The name of Merwyn is Celtic in origin, arising from the ancient Britons
. The name's specific origins were derived from the Welsh personal name
Mervin, which originally took the form Merlin. The magician Merlin plays an important role in Arthurian legend and is given the attributes of a Celtic druid. He figures prominently in early Welsh
writings, and the first full-fledged treatment of him is given in the Libellus Merlini (Little Book of Merlin), a Latin tract written by Geoffrey of Monmouth c. 1135.
Early Origins of the Merwyn family
The surname Merwyn was first found in Wiltshire
, where this distinguished Welsh
family claim descent from Mervyn Vrych, (Merfyn Frych 'Merfyn the Freckled', Merfyn ap Gwriad 'Merfyn son of Gwriad', Merfyn Camwri 'Merfyn the Oppressor') an 11th century Lord of Anglesey
, who settled in Wiltshire
on the English Welsh
border. He is thought to have died around 844 and was King of Gwynedd from around 825 to his death. He came from a long line of nobility.
Llywelyn ap Merfyn (died 942) was King of Powys, son of Merfyn ap Rhodri, and grandson of Rhodri the Great. His father, Merfyn ap Rhodri (died c.900) was also King of Powis (878-900.) Mystery surrounds his death. Some believe he died due to the incursion into Anglesey by the Viking Ingimundr. Others believe he lost his realm to an invasion by his brother Cadell, King of Ceredigion.
All trace back to Rhodri ap Merfyn (c. 820-878), later known as Rhodri the Great (Welsh: Rhodri Mawr), who succeeded his father, Merfyn Frych, as King of Gwynedd in 844. He is referred to "King of the Britons" by the Annals of Ulster and later as the "King of Wales."
Early History of the Merwyn family
This web page shows only a small excerpt of our Merwyn research.Another 39 words (3 lines of text) covering the years 1799, 1603, 1675, 1661 and 1666 are included under the topic Early Merwyn History in all our PDF Extended History products and printed products wherever possible.
Merwyn Spelling Variations
There are relatively few surnames native to Wales
, but they have an inordinately large number of spelling variations
. Early variations of Welsh
surnames can be explained by the fact that very few people in the early Middle Ages were literate. Priests and the few other literate people were responsible for recording names in official documents. And because most people could not specific how to properly record their names it was up to the individual recorder of that time to determine how a spoken name should be recorded. Variations due to the imprecise or improper recording of a name continued later in history when names originally composed in the Brythonic Celtic
, language of Wales, known by natives as Cymraeg, were transliterated into English. Welsh
names that were documented in English often changed dramatically since the native language of Wales, which was highly inflected, did not copy well. Occasionally, however, spelling variations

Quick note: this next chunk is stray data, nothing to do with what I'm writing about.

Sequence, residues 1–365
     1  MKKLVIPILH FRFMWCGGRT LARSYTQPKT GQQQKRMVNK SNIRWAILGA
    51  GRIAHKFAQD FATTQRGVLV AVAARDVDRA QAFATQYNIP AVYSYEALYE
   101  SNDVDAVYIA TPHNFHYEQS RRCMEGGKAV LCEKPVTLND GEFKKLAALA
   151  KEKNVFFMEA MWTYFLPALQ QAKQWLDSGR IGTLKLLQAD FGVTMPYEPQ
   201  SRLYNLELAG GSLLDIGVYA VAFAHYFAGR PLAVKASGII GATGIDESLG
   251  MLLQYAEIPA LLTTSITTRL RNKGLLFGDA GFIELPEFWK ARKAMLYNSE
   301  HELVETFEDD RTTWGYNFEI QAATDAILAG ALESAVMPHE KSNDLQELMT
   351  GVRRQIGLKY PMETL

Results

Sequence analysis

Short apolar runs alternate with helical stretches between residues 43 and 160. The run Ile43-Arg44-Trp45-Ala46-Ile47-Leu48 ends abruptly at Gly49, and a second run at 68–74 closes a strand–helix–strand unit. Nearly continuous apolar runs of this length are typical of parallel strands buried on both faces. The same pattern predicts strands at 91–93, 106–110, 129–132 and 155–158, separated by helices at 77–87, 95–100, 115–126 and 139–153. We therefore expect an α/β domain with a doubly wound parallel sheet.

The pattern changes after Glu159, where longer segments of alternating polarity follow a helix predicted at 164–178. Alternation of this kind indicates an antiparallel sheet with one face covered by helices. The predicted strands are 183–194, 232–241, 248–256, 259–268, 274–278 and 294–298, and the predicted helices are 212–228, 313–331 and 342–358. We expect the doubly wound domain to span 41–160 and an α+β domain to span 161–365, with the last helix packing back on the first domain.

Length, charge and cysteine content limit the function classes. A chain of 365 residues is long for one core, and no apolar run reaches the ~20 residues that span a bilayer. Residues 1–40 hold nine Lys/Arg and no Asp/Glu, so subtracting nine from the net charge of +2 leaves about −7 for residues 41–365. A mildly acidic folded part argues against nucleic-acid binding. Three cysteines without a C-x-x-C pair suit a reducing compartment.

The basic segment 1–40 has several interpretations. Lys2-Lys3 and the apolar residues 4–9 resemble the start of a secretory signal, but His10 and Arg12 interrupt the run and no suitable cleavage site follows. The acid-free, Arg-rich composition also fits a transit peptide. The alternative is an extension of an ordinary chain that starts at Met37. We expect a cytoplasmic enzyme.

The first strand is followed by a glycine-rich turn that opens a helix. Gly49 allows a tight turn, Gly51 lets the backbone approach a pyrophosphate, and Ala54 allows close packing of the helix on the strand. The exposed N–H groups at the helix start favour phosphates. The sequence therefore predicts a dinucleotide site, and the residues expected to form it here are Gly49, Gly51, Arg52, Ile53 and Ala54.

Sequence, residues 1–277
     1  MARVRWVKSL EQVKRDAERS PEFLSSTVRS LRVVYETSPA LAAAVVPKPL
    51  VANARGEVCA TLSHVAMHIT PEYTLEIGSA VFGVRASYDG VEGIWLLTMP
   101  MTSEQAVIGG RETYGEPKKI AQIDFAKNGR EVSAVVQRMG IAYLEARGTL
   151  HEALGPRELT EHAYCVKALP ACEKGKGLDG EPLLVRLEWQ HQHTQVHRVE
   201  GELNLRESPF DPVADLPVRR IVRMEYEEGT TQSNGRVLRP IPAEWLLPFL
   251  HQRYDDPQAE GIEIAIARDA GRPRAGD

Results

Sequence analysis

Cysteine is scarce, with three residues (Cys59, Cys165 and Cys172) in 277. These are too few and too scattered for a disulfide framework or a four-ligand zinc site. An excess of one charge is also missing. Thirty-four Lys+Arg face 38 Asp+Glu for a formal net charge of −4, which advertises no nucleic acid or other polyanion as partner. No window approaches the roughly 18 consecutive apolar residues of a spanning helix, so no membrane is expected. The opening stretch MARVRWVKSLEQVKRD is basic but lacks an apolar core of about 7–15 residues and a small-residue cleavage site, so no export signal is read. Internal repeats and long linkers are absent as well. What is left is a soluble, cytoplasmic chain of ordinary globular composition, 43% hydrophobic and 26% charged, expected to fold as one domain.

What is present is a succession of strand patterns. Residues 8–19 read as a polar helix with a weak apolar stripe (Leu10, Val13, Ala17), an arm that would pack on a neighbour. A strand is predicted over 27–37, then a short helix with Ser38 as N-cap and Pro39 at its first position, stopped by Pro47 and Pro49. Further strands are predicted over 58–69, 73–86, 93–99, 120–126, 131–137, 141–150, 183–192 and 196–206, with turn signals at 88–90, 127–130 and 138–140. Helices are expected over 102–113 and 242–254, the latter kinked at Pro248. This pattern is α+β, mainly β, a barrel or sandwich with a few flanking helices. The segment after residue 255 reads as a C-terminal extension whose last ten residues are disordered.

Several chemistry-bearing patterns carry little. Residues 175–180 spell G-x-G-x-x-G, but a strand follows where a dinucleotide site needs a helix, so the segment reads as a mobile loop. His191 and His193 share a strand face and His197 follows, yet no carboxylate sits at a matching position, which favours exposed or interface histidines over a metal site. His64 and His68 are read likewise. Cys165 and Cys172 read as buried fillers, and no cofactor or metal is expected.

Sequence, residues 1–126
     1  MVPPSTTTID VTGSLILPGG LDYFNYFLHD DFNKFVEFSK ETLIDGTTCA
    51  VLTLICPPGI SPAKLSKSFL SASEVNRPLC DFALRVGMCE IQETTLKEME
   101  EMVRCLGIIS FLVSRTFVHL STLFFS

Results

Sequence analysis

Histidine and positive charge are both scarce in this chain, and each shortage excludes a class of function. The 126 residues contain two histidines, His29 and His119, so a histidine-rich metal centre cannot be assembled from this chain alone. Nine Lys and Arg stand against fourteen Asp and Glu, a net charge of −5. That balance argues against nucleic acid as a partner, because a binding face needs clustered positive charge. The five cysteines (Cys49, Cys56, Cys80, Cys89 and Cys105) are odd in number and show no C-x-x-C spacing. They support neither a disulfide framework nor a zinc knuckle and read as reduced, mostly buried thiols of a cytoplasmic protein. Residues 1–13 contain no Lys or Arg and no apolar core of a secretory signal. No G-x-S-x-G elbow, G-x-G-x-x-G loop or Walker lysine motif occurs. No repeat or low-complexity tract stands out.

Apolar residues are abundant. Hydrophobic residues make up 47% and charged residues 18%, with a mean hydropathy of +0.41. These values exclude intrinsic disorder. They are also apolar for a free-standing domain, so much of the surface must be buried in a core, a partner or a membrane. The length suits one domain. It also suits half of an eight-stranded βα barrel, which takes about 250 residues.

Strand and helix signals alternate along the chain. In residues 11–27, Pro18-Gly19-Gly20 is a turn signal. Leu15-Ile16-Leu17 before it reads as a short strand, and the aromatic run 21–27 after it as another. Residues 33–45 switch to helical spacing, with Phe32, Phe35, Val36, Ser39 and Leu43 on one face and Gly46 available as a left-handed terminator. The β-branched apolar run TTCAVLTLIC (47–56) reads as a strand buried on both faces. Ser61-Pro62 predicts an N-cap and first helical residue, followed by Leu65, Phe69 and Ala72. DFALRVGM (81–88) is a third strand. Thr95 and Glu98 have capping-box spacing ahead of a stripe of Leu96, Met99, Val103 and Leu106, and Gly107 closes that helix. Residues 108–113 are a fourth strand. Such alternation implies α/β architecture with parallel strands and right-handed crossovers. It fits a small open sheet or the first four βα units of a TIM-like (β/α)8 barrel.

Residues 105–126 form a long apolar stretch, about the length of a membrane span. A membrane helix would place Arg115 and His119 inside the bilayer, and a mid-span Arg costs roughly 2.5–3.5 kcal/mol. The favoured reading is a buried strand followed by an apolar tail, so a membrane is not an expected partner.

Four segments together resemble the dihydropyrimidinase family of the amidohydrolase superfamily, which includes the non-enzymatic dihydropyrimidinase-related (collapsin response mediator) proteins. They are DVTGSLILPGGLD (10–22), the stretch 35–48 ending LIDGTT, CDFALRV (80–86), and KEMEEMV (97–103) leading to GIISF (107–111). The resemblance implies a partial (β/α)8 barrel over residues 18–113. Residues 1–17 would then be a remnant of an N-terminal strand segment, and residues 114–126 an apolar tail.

were carried out according to an individual's specific design: a branch loyalty within the family, a religious adherence, or even patriotic affiliations could be indicated by minor variations. The spelling variations of the name Merwyn have included Mervyn, Mervin, Mervyng, Merwin and others.
Early Notables of the Merwyn family (pre 1700)
Another 48 words (3 lines of text) are included under the topic Early Merwyn Notables in all our PDF Extended History products and printed products wherever possible.
Migration of the Merwyn family to Ireland
Some of the Merwyn family moved to Ireland
, but this topic is not covered in this excerpt. More information about their life in Ireland
is included in all our PDF Extended History products
and printed products wherever possible.
Migration of the Merwyn family to the New World and Oceana
families joined their Scottish and Irish neighbors during the late 1800s and early 1900s in seeking refuge in North America. Like the Irish and Scottish, many Welsh
anxiously awaited the work, freedom, and opportunities that they believed lay in North America. Those who did journey over to the United States and what became known as Canada often realized those dreams, but only through much toil and perseverance. Whenever and however these Welsh
immigrants arrived in North America, they were instrumental in the creation of the industry, commerce, and cultural heritage within those two developing nations. In the immigration and passenger lists a number of early immigrants bearing the name Merwyn were found: Andrew Mervine, whose Oath of Allegiance was recorded in Pennsylvania in 1779; Ferdinand Mervyn, who settled in Philadelphia in 1808; and Alexander Mervin, who was recorded as a British Alien in the United States during the War of 1812..
Contemporary Notables of the name Merwyn (post 1700)
- William Merwyn, American Poet
- Brigadier John Merwyn Prower (1885-1968), Canadian District Officer Commanding Quebec Military District CITATION[CLOSE]
Generals of World War II. (Retrieved 2011, October 3) John Prower. Retrieved from http://generals.dk/general/Prower/John_Merwyn/Canada.html
- Merwyn Norrish (b. 1926), distinguished New Zealand diplomat
The Merwyn Motto
The motto was originally a war cry or slogan. Mottoes first began to be shown with arms in the 14th and 15th centuries, but were not in general use until the 17th century. Thus the oldest coats of arms generally do not include a motto. Mottoes seldom form part of the grant of arms: Under most heraldic authorities, a motto is an optional component of the coat of arms, and can be added to or changed at will; many families have chosen not to display a motto.
Motto: De Dieu tout
Motto Translation: From God everything.